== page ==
Then, the Merger consideration was structured so that all of it went to the preferred shares and to management. The court was very critical of the board’s decision-making process in that it failed to address the inherent conflicts between the interests of the preferred shareholders and the interests of the common shareholders. Among other things, the court was critical of the failure to establish a “special committee” made up of independent directors to represent the interests of the common shareholders. Further, no independent fairness opinion was obtained. The defendants also gave no consideration to whether the Merger should have been conditioned upon approval by a majority of disinterested common shareholders.
The Trados court noted that in conducting an “entire fairness” analysis, a court should recognize that an unfair process can “infect the price,” which could warrant liability. Therefore, venture firms should take no comfort from the fact that the Trados court, addressing in the particular circumstances before it, found that the unfair process did not infect an otherwise fair price. Rather, the guidance Trados reinforces is this: to best avoid liability or a successful challenge to a transaction, venture firms and their board representatives should act early and carefully to ensure that any conflicts of interests inherent in a potential transaction are recognized and adequately addressed. For example:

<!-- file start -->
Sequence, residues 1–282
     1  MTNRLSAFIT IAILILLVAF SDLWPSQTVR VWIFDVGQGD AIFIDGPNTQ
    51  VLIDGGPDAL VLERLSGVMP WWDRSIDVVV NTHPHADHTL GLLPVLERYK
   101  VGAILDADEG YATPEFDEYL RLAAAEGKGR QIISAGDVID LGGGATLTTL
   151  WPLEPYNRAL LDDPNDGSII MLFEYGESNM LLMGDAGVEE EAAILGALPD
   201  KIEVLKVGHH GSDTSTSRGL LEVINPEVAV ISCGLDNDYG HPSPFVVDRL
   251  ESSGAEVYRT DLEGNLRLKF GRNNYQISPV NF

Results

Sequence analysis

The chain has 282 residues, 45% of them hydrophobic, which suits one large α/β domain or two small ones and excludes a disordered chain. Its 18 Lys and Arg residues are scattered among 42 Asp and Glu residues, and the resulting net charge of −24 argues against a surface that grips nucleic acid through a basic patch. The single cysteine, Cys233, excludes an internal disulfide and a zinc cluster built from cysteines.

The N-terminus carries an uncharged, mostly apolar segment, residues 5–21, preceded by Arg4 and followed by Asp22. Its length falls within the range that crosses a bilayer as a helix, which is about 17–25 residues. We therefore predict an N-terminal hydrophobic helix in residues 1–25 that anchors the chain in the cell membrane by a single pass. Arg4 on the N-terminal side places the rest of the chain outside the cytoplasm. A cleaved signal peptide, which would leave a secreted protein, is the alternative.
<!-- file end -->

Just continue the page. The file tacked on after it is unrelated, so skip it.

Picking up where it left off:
- It can be difficult to recruit qualified yet disinterested and independent board members at a private company, but their presence and involvement during well-designed board deliberations and decision making can help avoid intensive Trados-like after-the-fact scrutiny (which, in the Trados case, has lasted eight years).